Perhaps you’ve noticed already: Between Black Friday and Christmas Eve, the mall is not the same. Even getting there is not the same.
While holiday shoppers were out in force this year, the experience they had shopping is the perfect storm of some trends that have been going for some time, said the director of the Master of Science in Urban Design program in the Georgia Tech School of Architecture, Ellen Dunham-Jones.
The number of malls has been declining for almost 20 years, she said, mostly because we overbought retail and, lost middle-class jobs in many regions of the country. E-tailing has forced the remaining malls to evolve, Dunham-Jones said.
“What’s new, now, is that the department stores are failing.”
Recently named to Planetizen’s list of “100 Most Influential Urbanists of All Time,” Dunham-Jones is an expert in urban and suburban redevelopment. She is also one of the nation’s foremost authorities on what's happening to “dead malls” declining office parks, and other aging suburban property types.
Anchor stores are going, going, gone
“For the last decade, loss of an anchor meant a mall was quickly going downhill,” she said. “Lately though, mall owners are saying, ‘Without that anchor, I can bring in a gym, a grocery store or other experiences you can’t get online.’”
Office space is the most common re-use of excess mall area, Dunham-Jones said.
“Ford moved 1800 employees into the former Lord & Taylor’s of a Detroit mall," she said. “Rumor has it that Google Glass took over an entire dead mall in Mountain View.”
While no one likes to see businesses fail, Dunham-Jones sees dead malls as opportunities to address 21st century challenges the suburbs were never designed for. Her research documents the 263 mall retrofits that are helping their communities reduce auto-dependence, and increase public health, social capital, affordability, and water and energy sustainability.
In 54 cases, malls have done this by becoming the “downtown” their suburb never had, she said.
“They’ve demolished most of the mall, but re-inhabited the anchors with new uses. They put in a grid of streets, put retail at the ground level, and apartments above,” she said.
Traffic is an unexpected nightmare
With the change in malls comes an inevitable change in traffic, said Catherine Ross, the director of the Center for Quality Growth and Regional Development (CQGRD) and the Harry West Professor of City and Regional Planning at the School of City & Regional Planning.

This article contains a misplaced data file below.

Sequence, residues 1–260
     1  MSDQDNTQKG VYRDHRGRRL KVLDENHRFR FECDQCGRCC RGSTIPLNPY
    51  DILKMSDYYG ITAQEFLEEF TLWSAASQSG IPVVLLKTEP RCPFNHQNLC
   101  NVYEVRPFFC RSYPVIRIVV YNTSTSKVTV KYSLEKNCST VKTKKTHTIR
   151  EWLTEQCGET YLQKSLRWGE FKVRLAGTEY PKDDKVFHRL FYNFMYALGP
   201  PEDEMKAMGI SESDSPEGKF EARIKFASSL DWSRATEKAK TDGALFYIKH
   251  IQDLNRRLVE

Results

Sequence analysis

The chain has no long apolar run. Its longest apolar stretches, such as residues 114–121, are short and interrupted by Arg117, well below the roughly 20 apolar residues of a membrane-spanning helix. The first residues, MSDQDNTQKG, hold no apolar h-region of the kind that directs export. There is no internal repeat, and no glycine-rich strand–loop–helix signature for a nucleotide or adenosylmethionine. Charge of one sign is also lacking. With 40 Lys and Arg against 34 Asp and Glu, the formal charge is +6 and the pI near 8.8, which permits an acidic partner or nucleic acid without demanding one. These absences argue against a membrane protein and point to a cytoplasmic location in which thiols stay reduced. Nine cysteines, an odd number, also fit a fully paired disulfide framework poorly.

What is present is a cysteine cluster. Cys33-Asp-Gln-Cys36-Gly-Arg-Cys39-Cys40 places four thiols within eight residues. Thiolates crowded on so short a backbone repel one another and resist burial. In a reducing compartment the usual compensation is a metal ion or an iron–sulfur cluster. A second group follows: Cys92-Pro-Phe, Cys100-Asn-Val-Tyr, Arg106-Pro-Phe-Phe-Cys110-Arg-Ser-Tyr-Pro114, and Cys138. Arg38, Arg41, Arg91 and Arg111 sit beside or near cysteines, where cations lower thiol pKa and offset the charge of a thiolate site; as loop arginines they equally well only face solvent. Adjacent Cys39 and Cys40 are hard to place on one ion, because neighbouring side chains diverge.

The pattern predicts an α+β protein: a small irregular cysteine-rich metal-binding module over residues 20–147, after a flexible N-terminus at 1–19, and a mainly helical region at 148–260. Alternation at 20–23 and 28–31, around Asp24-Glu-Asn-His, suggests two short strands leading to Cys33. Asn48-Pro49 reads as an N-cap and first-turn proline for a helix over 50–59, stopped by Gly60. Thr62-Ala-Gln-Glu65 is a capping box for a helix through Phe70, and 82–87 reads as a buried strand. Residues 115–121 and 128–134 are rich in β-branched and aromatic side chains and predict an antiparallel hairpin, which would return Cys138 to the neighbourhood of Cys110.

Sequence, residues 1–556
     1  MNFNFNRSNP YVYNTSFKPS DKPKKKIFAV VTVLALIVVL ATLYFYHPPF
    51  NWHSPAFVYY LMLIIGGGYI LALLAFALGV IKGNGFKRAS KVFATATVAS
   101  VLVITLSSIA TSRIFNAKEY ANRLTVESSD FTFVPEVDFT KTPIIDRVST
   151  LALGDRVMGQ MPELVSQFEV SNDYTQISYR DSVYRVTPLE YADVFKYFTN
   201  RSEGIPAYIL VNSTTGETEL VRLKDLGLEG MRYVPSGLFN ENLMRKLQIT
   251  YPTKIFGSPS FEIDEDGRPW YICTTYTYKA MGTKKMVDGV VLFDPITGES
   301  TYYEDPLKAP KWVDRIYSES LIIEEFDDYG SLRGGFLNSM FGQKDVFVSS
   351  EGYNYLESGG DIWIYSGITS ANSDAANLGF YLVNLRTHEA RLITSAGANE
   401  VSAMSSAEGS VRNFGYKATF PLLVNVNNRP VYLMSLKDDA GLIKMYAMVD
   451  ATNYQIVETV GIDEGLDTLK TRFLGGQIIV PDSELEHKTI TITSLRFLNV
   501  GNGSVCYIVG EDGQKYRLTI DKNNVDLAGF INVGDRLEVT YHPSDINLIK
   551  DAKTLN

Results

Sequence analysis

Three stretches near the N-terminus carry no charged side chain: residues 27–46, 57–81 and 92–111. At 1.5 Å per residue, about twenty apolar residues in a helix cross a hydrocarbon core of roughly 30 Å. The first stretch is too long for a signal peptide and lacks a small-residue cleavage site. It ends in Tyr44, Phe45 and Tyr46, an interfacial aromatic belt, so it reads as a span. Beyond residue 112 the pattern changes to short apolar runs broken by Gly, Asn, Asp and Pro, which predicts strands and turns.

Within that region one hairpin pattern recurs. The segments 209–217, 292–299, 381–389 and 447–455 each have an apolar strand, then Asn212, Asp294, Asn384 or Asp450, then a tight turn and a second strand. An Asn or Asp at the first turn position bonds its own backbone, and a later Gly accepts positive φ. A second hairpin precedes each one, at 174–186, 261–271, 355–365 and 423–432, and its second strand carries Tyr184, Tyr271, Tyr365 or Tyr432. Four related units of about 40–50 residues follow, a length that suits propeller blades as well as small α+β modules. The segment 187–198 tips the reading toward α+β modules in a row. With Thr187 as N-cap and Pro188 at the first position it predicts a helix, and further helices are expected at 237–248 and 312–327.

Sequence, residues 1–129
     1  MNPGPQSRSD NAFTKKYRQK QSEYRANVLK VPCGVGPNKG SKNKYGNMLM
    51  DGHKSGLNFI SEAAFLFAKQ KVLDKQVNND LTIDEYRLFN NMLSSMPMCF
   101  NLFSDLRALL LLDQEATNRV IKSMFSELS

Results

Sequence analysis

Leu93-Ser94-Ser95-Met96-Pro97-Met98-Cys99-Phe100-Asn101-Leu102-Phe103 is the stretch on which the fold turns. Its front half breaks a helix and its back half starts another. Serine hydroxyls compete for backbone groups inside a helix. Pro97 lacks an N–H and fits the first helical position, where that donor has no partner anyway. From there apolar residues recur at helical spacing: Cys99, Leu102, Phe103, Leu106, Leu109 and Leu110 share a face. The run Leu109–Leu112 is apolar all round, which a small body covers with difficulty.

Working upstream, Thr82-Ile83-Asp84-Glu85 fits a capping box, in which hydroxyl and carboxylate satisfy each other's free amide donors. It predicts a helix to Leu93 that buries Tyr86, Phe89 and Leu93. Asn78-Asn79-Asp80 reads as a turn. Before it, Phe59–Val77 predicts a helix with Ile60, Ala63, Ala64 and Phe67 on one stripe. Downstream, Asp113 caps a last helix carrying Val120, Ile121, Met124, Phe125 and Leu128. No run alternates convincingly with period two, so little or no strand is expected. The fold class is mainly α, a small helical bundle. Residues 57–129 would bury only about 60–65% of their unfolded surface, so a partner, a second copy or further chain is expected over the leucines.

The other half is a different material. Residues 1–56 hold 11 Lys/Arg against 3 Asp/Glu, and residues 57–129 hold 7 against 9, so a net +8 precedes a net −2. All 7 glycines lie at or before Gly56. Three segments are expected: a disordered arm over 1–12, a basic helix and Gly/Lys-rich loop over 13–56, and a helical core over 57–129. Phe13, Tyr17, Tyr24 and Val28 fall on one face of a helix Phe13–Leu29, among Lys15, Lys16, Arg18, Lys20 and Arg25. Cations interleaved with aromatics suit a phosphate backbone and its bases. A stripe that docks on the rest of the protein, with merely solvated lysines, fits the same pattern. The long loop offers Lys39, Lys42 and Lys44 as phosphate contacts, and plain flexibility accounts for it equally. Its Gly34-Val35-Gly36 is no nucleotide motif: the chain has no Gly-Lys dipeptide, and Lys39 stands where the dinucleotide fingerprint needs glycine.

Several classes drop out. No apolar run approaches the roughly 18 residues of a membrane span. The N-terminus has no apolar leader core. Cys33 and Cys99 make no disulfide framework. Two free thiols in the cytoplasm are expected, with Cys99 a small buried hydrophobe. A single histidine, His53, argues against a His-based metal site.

“During holiday shopping season, traffic is to be expected,” Ross said. “Friday, Saturday, and Sunday is always going to be tough. Last weekend I had to circle the mall to get a parking space. It was horrible!”
But there’s a noticeable difference in the travel experience to get to the mall, she said. That’s because now, e-commerce is sharing the road.
“Google and Amazon and eBay deliver to your home. Now the congestion is on our door-to-door streets,” she said.
Ross said CQGRD researchers have been looking at e-commerce.
“It’s the 800-pound gorilla in the room,” she said. “We’re all enjoying it and no one is taking care of it.”
While the convenience of e-commerce is a blessing, Ross said that residential streets aren’t designed to deal with the delivery truck capacity they’re experiencing. Packages from online shopping get delivered virtually 24-7, she said.
“The big question is, what does e-commerce do to emissions, safety, air quality, and access? All of those are now issues,” Ross said. “It has consequences we need to monitor and try to mitigate."
Ross also thinks to the not-so-distant future and the impact that autonomous vehicles could have on holiday shopping.
“Emerging and improving technologies promise a safer, more efficient transport system. That's going to impact shopping, zoning and parking requirements, and street design. It will also create new challenges and opportunities for transit operations," she said.
“Imagine, under full automation, a vehicle that drops you off at work, then stops by a cleaner's where your articles are deposited and then provides on-call services elsewhere before picking you up from work, or your favorite store."
Autonomous vehicles will influence all kinds of travel and shape the sharing economy in ways we can only speculate about, she said.
Shoppers are different now, too
Ross is quick to point out that Millennials are responsible for much of this holiday season’s online shopping, but they haven’t stopped driving to the mall entirely.
For them, weekends are peak times to do specialty shopping, she said. “For example, at smart tech vendors and phone stores, parking is a challenge this time of year.”
Millennials grew up in malls as teenagers, and now find them boring, Dunham-Jones said. It’s been the Baby Boomers’ shopping habits that have sustained malls for the longest time, “but now Boomers like me are hitting the age where we don’t buy that much.”
“By the time you’re in your 50s, you have most of the stuff you need,” she said. It’s the following generation, Gen X, that are now in their prime consuming years.
“In general, Gen X is a small generation. There are not enough of them to occupy all the single-family homes that the Baby Boomers will vacate. They’ve also not had the same kind of job security the Baby Boomers had, and they don’t have as much in savings, so they’re not spending at the same rate,” Dunham-Jones said.
This leaves Generation Y as the biggest target market for retails, Dunham-Jones said, “but they are saddled with debt, and more interested in buying experiences than products."
"All of these shifting markets are all the more reason why malls are rapidly evolving.”